Fancy a fright this Friday the 13th?

Last Updated : 31 Jan 2017

So, have you heard the story about the Newton Ghost?

In 1901 a terrifying apparition stalked the streets of Newton and Eden Terrace. According to those who saw it, the ghost was clad in a white sheet which seemed to emit a phosphorescent glow…

There is more to read about the Newton ghost, but this isn’t the only spooky Auckland story…

Maungauika / North Head

Fancy a fright this Friday?

Strategically located at the entrance to the Waitemata Harbour, Maungauika / North Head has sweeping views over the Hauraki Gulf and its islands. It has a long history that includes Māori settlement, coastal defence fortifications including tunnels, and of course, the ‘hidden tunnels’.

The hidden tunnels were said to contain two original WWII aeroplanes and decaying ammunition that was reportedly heard firing during the night. Sadly, archival research and archaeological investigation have shown this to be untrue. Still, if you visit the existing tunnel complex today, it’s easy to imagine they built secret tunnels underneath… and local stories of hauntings make it all the more spooky.

Ship graveyard Rangitoto Island

Fancy a fright this Friday? (1)

True to its name, Wreck Bay in the north of Rangitoto is home to a ship graveyard. The bay has at least thirteen shipwrecks and some of them can be seen at low tide.

While most of the ships were actually scuttled (not wrecked) between 1887 and 1947, they still make for pretty spooky viewing.

Fancy a fright this Friday?  (2)

Symonds Street Cemetery

Fancy a fright this Friday? (4)

Symonds Street Cemetery was the first official cemetery in Auckland, in use from 1842. It is located in 5.8 hectares of forest on the western slope of Grafton Gully, by the corner of Symonds Street and Karangahape Road, and is crossed by the Grafton Bridge. The cemetery was closed for burials in 1886, other than to existing family plots, and no new plots were sold.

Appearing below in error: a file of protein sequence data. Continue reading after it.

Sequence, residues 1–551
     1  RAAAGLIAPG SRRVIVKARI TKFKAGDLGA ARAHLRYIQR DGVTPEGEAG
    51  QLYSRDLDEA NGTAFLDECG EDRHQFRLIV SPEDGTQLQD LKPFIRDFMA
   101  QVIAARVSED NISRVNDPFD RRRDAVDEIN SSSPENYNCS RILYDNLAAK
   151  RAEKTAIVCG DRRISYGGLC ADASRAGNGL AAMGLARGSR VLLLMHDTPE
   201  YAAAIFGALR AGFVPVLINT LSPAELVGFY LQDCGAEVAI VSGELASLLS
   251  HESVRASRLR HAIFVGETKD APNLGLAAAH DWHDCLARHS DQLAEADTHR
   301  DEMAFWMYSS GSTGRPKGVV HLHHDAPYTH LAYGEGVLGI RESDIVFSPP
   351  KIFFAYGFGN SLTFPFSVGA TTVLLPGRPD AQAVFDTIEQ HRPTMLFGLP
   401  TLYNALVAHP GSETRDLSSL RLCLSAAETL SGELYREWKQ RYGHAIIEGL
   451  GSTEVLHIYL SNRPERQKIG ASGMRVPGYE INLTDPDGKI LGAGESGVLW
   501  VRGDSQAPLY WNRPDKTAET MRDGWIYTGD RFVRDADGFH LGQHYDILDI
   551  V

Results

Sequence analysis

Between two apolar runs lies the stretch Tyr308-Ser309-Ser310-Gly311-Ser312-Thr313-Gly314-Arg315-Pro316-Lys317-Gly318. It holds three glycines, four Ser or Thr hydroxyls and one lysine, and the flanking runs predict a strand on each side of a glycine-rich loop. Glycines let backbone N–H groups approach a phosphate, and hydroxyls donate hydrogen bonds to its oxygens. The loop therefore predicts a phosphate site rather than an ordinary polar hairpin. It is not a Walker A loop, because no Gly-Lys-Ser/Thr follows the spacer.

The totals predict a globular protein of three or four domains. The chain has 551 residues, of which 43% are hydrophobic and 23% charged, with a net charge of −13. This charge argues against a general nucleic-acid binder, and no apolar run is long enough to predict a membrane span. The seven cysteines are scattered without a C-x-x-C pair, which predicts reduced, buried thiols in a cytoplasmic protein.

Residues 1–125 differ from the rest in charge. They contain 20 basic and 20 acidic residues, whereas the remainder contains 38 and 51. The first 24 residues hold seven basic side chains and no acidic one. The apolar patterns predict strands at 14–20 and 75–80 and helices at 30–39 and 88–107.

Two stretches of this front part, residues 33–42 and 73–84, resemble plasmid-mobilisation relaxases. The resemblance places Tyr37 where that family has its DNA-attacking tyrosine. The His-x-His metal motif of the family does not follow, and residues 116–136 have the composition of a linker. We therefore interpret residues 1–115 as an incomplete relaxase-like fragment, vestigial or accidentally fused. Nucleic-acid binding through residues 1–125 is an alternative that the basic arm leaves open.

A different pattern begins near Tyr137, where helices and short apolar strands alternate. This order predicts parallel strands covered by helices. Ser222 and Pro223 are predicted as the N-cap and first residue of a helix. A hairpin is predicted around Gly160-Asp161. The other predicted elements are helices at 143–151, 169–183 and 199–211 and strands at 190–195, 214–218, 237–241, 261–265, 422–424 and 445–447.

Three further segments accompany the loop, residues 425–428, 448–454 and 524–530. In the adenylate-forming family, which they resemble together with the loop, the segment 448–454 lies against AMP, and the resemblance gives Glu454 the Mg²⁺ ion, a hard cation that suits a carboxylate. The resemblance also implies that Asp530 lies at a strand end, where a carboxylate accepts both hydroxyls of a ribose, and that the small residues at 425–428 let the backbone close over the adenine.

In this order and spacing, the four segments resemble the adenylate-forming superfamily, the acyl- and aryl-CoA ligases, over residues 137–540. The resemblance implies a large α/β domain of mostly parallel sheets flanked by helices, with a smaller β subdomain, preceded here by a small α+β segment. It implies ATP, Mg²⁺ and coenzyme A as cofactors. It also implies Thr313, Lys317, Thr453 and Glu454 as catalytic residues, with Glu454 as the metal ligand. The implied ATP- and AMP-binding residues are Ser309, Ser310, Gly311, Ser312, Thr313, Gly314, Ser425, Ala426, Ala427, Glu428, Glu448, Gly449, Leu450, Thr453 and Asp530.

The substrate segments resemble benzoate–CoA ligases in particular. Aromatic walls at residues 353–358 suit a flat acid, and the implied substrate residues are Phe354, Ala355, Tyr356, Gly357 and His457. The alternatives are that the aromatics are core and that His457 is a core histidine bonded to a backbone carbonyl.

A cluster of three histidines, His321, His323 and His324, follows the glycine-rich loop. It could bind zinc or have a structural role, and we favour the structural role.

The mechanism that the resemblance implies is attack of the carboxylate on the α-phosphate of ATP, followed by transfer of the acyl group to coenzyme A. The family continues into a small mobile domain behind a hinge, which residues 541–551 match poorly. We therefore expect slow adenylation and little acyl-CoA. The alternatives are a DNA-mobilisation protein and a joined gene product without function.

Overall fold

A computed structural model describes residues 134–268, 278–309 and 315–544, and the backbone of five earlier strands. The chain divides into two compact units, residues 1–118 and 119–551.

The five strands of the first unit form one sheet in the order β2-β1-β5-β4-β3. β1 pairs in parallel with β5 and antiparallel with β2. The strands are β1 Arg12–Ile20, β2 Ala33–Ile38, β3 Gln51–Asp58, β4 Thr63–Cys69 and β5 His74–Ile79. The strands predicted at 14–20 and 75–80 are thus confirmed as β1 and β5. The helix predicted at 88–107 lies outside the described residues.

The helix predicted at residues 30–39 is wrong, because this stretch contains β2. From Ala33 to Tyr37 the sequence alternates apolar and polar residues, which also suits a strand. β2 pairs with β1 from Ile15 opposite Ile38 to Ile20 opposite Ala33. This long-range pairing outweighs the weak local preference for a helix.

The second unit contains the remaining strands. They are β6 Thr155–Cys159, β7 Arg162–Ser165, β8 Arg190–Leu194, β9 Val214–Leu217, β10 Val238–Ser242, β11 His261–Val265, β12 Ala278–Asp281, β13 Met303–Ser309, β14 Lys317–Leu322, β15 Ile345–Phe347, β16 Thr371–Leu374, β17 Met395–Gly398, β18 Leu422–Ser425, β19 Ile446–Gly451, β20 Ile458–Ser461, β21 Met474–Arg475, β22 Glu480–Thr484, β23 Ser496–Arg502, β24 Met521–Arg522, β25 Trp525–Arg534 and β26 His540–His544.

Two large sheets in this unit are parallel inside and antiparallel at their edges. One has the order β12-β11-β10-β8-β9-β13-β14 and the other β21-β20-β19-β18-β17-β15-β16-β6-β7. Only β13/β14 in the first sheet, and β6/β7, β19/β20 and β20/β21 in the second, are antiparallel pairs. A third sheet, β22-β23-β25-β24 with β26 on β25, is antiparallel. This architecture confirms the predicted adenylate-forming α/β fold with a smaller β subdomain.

Why not take the Hobson Walk and explore our oldest public cemetery… if you dare.

Alberton House

Fancy a fright this Friday?  (3)
The Kerr Taylor daughters in front of Alberton House, 1890. Sir George Grey Special Collections, Auckland Libraries, 255A-A9459.

Situated on the lower slopes of Mt Albert and once the centrepiece of a 500-acre country estate, Alberton began life as a two-storey farmhouse built in 1863. It belonged to Allan Kerr Taylor, and as his wealth and family grew, so did the size of Alberton. In 1872 Alberton was expanded to a fashionable 18-room mansion. For the latter part of the nineteenth-century it was renowned for events such as balls, hunts and garden parties attended by Auckland social elite.

Sounds lovely doesn’t it? Well, it seems that that even the ghosts are nice at Alberton…

Alberton Manager Rendell McIntosh says, “people have reported seeing a woman dressed in Victorian clothes, mainly on the first floor, where the bedrooms were.

“One man came downstairs and asked the woman on reception who the woman upstairs was. She answered ‘you were the only one up there’.”

Rendell says that all the sightings are of happy people, “Alberton has always been a happy place”.

Source: Paranormal New Zealand.

Do you have a spooky story about Auckland to share? Tell us in the comments below. 

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